Multimodal interfaces have become an important solution in the domain of post-WIMP interfaces. However, significant challenges still have to be overcome before multimodal interfaces can reveal their true potential. We addressed the challenge of managing multimodal input data coming from different levels of abstraction. Our investigation of related work shows that existing multimodal fusion approaches can be classified in two main categories: data stream-oriented solutions and semantic inference-based solutions. We further highlighted that there is a gap between these two categories and most approaches trying to bridge this gap introduce some ad-hoc solutions to overcome the limitations imposed by initial implementation choices. The fact that most multimodal interaction tools have to introduce these ad-hoc solutions at one point confirms that there is a need for a unified software architecture with fundamental support for fusion across low-level data streams and high-level semantic inferences.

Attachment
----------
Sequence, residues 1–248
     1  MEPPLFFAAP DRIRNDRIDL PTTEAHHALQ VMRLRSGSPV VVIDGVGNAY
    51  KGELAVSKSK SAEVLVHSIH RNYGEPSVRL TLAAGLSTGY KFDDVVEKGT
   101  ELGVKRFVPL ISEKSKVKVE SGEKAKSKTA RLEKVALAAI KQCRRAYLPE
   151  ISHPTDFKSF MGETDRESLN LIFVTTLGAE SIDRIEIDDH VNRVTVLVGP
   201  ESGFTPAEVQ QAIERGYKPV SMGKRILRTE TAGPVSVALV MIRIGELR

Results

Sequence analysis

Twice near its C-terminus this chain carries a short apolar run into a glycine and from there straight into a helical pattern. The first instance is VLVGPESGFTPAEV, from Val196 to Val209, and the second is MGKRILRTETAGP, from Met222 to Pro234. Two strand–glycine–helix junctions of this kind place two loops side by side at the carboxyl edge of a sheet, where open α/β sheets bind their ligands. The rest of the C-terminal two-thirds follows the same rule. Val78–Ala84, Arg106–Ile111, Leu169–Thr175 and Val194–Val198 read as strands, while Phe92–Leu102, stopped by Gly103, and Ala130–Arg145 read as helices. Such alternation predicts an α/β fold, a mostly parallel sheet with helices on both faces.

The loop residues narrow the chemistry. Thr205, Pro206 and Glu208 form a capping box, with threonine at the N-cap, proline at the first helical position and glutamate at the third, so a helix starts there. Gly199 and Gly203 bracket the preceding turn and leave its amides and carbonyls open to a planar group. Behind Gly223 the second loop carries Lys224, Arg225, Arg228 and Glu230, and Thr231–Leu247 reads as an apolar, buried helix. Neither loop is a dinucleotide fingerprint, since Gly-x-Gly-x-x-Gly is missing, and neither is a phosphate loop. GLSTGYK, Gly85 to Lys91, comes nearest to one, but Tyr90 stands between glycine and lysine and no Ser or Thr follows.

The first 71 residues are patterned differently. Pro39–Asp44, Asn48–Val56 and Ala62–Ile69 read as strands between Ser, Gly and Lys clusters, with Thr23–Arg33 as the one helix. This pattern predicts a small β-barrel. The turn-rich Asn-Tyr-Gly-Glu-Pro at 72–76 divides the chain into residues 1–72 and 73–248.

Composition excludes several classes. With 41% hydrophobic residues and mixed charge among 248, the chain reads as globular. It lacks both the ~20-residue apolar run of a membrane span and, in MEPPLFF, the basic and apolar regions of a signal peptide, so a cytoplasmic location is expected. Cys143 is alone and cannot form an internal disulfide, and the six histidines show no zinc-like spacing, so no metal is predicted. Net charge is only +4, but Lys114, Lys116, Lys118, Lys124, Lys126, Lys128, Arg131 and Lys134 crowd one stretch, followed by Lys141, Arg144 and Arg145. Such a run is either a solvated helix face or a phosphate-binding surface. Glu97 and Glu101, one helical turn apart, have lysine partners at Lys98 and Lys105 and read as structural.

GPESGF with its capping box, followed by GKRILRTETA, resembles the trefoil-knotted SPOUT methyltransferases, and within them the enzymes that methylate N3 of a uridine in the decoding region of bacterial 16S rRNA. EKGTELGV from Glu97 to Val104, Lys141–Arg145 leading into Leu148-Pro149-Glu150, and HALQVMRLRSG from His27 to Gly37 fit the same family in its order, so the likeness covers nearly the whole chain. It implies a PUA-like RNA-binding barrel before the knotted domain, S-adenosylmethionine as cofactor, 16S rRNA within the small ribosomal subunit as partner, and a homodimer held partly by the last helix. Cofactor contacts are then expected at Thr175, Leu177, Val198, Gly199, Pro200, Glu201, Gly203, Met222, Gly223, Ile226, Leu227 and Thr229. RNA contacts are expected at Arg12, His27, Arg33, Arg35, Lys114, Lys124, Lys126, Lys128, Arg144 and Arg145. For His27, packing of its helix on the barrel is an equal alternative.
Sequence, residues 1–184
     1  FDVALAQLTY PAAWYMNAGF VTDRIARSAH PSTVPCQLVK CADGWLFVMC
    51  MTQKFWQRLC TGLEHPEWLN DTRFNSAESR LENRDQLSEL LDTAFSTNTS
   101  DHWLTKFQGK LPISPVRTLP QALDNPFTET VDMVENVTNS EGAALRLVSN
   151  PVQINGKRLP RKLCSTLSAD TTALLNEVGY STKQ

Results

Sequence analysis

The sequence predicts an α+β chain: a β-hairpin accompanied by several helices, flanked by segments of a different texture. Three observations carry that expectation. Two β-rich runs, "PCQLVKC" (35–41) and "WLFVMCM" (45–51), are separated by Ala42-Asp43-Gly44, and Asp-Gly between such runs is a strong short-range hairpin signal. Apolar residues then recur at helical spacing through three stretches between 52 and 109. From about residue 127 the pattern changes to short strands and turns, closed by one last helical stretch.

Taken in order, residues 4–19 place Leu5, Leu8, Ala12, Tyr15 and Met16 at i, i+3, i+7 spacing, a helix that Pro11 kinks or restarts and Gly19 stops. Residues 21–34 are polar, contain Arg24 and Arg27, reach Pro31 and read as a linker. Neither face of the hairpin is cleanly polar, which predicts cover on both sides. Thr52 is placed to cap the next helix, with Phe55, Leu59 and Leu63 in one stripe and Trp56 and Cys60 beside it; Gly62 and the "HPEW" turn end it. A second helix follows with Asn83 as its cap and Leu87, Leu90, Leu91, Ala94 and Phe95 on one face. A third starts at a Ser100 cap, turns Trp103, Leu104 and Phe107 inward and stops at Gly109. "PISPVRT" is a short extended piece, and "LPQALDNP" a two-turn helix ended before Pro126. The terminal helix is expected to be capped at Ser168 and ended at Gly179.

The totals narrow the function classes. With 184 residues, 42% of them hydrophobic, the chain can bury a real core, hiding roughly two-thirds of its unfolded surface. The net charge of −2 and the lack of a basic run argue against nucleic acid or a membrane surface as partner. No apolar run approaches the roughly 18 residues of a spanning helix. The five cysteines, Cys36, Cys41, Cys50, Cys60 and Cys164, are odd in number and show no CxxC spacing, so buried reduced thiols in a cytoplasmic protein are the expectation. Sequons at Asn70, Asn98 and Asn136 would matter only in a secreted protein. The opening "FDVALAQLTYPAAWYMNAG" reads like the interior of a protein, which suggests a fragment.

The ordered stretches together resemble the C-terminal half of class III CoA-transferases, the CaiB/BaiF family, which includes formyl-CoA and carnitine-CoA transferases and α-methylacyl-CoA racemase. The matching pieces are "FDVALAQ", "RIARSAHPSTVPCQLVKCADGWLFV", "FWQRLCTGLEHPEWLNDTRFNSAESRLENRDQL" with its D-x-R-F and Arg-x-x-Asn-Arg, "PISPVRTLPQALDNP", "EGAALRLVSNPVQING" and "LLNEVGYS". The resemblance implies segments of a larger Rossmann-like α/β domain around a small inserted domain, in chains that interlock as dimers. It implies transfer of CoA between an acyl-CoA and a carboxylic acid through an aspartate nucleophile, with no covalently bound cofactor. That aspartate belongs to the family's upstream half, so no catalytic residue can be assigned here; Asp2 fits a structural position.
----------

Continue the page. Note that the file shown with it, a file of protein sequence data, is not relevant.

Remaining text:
We presented Mudra, a unified multimodal interaction framework for the processing of low-level data streams as well as high-level semantic inferences. Our approach is centered around a fact base that is populated with multimodal input from various devices and recognisers. Different recognition and multimodal fusion algorithms can access the fact base and enrich it with their own interpretations. A declarative rule-based language is used to derive low-level as well as high-level interpretations of information stored in the fact base. By presenting a number of low-level and high-level input processing examples, we have demonstrated that Mudra bridges the gap between data stream-oriented and semantic inference-based approaches and represents a promising direction for future unified multimodal interaction processing frameworks.